Štojdl: This binds one interesting story, back when we (Daniel, the producer and level designer of the game and I) were discussing in the pub. At the time, Daniel still wasn’t too clear about the story, so he asked to have more on the background of the player. Like the majority of old-school dungeon RPGs, I wanted to have, more or less, an anonymous party of adventurers. Daniel liked the anonymous idea, but protested that in the present time, there has to be the main character – the player will somehow be incorporated into the plot – basically so that the player could identify with the character. Well, as part of the main story of saving the country, it would be good to have them develop a deeper relationship with the country land. For example, if you were the son of an Earl, this is because it would be boring for the players – to have money for everything within the game, and have the advantage of having the very best in weaponry and armor from the start.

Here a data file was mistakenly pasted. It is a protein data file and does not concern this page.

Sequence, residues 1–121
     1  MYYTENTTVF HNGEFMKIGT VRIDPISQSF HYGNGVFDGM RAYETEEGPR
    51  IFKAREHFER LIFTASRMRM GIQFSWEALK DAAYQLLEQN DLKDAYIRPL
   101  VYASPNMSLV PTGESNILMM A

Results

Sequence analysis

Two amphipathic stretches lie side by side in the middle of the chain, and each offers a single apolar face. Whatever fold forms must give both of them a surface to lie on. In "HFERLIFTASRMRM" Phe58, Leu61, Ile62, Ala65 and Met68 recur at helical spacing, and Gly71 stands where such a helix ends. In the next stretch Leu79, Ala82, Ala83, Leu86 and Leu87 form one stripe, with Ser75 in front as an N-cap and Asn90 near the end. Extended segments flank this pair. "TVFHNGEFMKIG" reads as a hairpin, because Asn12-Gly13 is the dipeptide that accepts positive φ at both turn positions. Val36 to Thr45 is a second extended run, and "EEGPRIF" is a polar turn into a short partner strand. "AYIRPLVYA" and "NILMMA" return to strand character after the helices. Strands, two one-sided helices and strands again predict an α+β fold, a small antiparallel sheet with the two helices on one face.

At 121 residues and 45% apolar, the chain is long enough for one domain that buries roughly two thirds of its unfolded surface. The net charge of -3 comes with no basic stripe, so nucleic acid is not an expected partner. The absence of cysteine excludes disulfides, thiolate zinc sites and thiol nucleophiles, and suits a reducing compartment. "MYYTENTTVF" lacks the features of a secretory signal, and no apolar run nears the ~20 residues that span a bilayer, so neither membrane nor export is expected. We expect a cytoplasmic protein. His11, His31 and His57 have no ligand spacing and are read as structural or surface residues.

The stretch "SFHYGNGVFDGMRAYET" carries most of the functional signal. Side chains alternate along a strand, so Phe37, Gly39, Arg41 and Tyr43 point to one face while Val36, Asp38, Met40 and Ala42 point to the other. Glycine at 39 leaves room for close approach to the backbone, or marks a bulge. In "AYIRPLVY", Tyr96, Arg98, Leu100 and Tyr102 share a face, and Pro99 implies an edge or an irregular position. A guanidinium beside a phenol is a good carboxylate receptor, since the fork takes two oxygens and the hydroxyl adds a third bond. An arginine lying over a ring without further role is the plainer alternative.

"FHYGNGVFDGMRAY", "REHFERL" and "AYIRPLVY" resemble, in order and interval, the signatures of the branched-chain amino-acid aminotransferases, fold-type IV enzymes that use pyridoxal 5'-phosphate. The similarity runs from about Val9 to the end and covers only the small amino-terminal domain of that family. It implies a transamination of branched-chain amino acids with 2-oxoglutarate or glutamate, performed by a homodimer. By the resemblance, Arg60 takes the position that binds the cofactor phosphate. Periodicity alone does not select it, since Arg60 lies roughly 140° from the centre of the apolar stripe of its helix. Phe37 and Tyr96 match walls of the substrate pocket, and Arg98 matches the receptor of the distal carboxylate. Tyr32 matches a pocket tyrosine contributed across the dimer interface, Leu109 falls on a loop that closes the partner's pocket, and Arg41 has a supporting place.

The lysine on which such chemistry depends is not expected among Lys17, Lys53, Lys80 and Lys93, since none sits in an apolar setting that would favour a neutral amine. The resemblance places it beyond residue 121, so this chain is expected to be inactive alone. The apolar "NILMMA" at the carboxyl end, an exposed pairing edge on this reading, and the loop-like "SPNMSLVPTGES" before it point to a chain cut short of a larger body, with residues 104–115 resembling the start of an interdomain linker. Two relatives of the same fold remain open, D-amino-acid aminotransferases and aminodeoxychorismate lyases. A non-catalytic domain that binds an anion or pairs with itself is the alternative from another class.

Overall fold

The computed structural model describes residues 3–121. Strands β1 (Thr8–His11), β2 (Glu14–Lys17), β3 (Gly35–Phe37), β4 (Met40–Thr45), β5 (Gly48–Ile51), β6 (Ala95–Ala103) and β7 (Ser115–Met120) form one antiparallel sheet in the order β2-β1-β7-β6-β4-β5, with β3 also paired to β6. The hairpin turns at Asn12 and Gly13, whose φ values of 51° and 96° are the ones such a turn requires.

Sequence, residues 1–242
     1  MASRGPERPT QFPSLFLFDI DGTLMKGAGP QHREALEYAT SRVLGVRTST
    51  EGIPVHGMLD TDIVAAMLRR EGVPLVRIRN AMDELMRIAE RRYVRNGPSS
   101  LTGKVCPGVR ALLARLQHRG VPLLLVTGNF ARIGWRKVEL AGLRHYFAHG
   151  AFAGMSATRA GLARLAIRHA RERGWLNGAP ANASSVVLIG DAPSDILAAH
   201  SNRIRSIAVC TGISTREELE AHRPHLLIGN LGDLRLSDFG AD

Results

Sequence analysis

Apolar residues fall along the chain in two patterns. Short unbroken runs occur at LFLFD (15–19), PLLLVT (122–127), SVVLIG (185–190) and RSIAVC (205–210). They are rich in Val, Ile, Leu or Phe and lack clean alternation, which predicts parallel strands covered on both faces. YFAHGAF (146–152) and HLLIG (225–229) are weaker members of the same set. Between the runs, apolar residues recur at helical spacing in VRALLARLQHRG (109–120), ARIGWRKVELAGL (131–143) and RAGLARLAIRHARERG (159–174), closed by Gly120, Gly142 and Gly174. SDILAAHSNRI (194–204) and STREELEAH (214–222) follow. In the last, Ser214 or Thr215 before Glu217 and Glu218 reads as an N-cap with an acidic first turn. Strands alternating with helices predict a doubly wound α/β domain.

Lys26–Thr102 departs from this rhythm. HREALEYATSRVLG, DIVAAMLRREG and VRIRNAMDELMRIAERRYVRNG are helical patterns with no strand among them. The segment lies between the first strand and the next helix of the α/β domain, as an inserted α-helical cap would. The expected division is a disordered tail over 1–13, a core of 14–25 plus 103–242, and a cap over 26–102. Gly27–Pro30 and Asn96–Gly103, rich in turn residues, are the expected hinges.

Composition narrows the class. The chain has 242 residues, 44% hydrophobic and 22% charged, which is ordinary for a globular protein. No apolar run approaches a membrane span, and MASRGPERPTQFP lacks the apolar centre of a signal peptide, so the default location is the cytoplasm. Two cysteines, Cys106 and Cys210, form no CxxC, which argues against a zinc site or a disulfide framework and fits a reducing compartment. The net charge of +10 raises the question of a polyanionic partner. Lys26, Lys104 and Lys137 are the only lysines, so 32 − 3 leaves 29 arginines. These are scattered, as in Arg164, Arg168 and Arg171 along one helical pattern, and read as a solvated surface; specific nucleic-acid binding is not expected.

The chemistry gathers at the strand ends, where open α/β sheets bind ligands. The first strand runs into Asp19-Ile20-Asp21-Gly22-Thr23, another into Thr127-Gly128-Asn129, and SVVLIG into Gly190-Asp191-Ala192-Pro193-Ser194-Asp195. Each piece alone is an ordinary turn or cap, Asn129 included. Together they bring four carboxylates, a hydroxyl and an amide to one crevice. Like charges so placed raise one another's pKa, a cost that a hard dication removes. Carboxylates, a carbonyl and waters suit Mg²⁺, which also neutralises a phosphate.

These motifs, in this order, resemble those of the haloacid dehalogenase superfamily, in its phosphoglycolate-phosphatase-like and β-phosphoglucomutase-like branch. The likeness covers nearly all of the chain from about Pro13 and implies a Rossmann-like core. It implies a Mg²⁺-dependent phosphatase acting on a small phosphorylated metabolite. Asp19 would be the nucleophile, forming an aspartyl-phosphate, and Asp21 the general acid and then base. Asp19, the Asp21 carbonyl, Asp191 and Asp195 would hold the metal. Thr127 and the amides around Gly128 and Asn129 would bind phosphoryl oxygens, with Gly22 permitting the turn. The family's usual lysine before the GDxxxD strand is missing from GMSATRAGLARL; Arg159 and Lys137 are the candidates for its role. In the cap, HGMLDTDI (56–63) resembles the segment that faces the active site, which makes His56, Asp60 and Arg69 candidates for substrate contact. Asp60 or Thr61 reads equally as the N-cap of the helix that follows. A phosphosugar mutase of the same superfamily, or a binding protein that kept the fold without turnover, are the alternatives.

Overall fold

That is why we created this alcoholic-bastard 🙂


IGM: Your Kickstarter launches on March 11, but is there anything you can tell potential backers about possible rewards and stretch goals?

Štojdl: Sure, I see no reason why we should hide the info. Within the rewards you can enjoy a cheaper version of the game for those faster backers – Early Bird Skeleton Tier. It also will have a small advantage in the game or soundtrack, for which I can now guarantee that it will be really very, very good. I’m really proud of our composer. Likewise, if someone loves our art, Yeve (our 2D artist) is preparing an art book printed on paper at around an A3 size.


For the bigger rewards, we’re planning hand-painted oil paintings or the possibility of creating your own monsters – which includes a visit to our studio. The potential backer can use our motion capture system to capture his movements for their monster or character.


In the goals you can look forward to more side quests, possibility to enchant the items and so you can create your own magical objects, fully narrated spoken dialogues, language mutations [slang], and, last but not least, the campaign for the other side – the orcs 🙂 Meaning that you can play against the humans as an evil ORC!

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Bonnie is a streamer, gamer, and word nerd who enjoys puzzle and horror games, and getting entirely too excited about both genres. She's been writing professionally for 18 years, but IGM is her first foray into gaming news. Bonnie's life outside of IGM involves massive amounts of hair dye, sewing, and being a cat lady. Feel free to contact her on Twitter!